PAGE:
Sandbag walls rise in Fargo ahead of Red River's crest

Throwing sandbags
Ajay Thapa, a sophomore at South High School in Fargo, N.D., hands off a sandbag to a classmate on Friday, April 26, 2013. More than 1,000 student volunteers helped build sandbag dikes in Fargo on Friday. The Red River is expected to crest just below 38 feet next week, according to a National Weather Service flood forecast.
Ann Arbor Miller for MPR

In what's almost become a city-wide tradition, Fargo residents went about building sandbag defenses on Friday to hold back the rising Red River.

The city's efforts were made easier by 1,500 high school students who fanned out to lay sandbag dikes across neighborhood backyards. And the city needs fewer sandbags than previously thought.

The latest weather predictions show spring flooding in the area could be less severe than in years past. Revised forecasts have once again downgraded the flood severity.

At one Fargo home, Erik Carlson is sweating as he slaps 40-pound sandbags tightly into place. The finished dike looks like a pyramid, narrowing at the top always built to be a couple feet higher than the water's likely to get.

Together the sandbags form a long wall a few feet from the back of the house Carlson grew up in, where his mom still lives.

Click for more photos of sandbag dike construction

"It's not a dike made out of necessity; it's a dike made out of caution," Carlson said. "I'm not too worried. I don't think anyone is too worried. My mom is; she's a pessimist."

Carlson, 24, works as a youth director at a Lutheran church in Fargo. He said spring sandbagging has in some ways become a way of life.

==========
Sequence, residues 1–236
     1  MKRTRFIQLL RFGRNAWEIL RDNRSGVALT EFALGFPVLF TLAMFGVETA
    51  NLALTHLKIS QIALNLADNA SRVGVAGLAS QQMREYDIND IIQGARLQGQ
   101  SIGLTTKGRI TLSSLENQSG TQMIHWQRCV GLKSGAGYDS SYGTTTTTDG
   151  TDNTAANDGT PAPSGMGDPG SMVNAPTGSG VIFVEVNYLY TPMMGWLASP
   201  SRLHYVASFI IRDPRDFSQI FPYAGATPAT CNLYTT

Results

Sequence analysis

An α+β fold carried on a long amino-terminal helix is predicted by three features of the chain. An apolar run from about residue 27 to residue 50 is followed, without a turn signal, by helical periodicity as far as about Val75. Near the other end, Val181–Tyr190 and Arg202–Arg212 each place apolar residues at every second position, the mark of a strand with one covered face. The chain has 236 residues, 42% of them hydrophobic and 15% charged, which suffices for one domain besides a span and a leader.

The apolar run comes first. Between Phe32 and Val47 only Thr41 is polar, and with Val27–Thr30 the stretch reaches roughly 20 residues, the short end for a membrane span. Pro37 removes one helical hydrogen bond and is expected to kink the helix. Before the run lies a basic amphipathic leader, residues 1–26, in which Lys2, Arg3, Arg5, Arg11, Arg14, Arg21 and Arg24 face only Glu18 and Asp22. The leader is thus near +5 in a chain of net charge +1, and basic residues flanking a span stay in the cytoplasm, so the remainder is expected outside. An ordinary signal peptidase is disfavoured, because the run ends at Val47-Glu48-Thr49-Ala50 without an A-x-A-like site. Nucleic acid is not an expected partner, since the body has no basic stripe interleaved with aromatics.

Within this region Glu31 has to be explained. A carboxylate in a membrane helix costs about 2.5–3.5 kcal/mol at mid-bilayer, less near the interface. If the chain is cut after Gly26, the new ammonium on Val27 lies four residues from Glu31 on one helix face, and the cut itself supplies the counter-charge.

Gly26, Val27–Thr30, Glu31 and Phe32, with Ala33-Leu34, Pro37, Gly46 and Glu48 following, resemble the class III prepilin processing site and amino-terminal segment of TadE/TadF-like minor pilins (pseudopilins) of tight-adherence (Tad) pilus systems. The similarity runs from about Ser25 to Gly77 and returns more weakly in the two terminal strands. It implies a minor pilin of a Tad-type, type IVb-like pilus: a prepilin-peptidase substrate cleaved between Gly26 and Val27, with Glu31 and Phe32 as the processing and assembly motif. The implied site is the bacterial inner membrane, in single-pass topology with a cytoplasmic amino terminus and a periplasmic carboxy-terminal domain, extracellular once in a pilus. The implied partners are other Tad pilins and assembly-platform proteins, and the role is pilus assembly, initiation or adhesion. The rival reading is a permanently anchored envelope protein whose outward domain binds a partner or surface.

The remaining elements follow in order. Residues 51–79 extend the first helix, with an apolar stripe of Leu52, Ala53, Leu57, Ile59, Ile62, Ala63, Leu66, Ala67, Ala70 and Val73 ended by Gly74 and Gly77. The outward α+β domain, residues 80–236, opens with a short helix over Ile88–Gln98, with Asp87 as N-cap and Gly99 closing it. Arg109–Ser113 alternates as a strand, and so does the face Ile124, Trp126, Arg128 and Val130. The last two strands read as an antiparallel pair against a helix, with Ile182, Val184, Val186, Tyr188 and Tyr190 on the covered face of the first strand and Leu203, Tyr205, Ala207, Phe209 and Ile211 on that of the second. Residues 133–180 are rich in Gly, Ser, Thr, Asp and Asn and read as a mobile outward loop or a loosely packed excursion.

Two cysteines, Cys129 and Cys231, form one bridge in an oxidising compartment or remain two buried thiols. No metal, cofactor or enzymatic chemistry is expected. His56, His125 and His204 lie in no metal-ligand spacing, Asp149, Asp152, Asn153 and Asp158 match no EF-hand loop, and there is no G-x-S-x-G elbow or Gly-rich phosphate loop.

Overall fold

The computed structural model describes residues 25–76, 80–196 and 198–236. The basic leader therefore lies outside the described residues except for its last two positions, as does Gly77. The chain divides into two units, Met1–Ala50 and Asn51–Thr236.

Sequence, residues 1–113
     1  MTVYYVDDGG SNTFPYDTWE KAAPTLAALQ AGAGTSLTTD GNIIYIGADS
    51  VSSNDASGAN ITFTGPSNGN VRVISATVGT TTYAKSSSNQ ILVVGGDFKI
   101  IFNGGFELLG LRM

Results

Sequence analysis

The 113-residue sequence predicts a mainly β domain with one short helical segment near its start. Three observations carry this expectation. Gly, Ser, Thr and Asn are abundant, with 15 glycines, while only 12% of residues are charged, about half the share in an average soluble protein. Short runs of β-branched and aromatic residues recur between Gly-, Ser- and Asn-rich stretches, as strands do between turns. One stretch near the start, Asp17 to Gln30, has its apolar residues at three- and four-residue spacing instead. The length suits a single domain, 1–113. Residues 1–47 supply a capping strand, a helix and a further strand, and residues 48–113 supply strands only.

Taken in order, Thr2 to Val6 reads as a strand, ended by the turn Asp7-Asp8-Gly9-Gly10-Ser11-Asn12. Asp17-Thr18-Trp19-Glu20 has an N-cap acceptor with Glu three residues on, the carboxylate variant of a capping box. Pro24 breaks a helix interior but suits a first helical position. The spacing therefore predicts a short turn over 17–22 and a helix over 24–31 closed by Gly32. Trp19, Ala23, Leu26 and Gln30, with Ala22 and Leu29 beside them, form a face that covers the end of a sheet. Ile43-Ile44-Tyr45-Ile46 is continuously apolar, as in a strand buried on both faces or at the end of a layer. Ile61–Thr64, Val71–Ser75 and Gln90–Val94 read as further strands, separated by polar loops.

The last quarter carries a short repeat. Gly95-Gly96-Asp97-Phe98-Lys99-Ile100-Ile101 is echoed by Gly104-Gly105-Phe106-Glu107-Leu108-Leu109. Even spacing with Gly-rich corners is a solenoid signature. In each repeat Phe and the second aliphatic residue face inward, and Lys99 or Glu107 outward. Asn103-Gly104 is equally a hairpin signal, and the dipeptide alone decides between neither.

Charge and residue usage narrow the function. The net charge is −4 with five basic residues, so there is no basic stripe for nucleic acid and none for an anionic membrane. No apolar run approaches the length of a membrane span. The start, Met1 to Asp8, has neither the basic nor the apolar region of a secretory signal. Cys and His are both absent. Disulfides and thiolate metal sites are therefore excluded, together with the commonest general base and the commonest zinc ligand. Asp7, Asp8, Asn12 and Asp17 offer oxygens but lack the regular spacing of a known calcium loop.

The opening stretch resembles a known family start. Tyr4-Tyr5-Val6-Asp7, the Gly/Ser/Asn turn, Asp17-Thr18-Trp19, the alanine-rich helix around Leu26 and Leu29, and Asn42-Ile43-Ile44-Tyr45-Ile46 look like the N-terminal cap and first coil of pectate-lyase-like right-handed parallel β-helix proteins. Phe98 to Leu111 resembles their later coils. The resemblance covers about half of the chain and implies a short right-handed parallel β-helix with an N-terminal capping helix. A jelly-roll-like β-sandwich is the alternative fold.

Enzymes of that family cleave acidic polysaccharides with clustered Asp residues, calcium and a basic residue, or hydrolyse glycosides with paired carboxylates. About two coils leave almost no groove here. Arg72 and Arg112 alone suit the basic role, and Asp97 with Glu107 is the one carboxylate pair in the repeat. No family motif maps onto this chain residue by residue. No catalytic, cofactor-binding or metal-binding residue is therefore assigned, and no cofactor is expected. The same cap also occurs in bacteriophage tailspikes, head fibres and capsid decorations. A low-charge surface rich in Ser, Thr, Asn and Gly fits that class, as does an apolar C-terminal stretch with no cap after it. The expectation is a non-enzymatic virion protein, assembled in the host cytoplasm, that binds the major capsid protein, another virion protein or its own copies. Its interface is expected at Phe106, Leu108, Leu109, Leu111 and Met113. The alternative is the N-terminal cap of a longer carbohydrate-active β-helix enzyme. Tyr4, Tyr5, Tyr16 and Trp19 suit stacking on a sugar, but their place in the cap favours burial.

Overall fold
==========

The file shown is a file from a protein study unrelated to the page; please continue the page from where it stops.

"I did this in '09 and in '07 and 2010. They kind of run together," Carlson said. "It has become kind of a normal thing."

Major floods in four of the past five years prompted the cities of Fargo and Moorhead to purchase and remove many homes along the river — homes the cities have put resources into defending year after year.

This year, the city of Fargo wants to buy 75 homes in the flood plain. According to city officials, one-third of those homeowners have agreed to sell because of this year's flood.

Carlson's childhood home is on the list. Neighbors have already sold and their homes are gone leaving empty lots and permanent earthen levees.

He said his mom is considering the buyout because she's getting tired of the yearly worry about flooding.

"It would be hard to image not having this house here," Carlson said.


Monami Niyo, a sophomore at Fargo South High School, is one of hundreds of students who volunteered Friday morning.

"Why do I do this? It's a nice way to pay back to the community for what it does," Niyo said. "Any chance we get an opportunity to help out our community I think we should just take it. So I decided to do it."

Niyo remembers the record floods in 2009 and said this year should be better.

"The water might rise, but I don't think it will rise a lot to hurt us that much," Niyo said.

The city has scaled back the number of sandbags it needs from 1.4 million to only 100,000. Updated forecasts have further downgraded flooding potential to a crest of 37-39 feet. That's down from the 41 feet the city was preparing for earlier this week.

Steve Moss, an engineer for the city of Fargo, said there are still concerns about what might happen in low-lying areas.

"Because of the late thaw, we don't know exactly what the river is going to do, how fast the water will come up," Moss said. "We're just going to kind of best guess what we need to do and then advance from there."

Back at the Carlson home, sandbagging has wrapped up for now. A levee along the back of the house should survive the forecasted river crest.

But from where Erik Carlson stands, the banks of the Red River still look a long way off.

"That's the positive and negative about living along the river," Carlson said. "You get a large back yard, but also you've got to deal with some crap every one in a while. You get these 500-year floods every 10 years."

The Red River is expected to crest the middle of next week.

MPR reporter Dan Gunderson contributed to this report.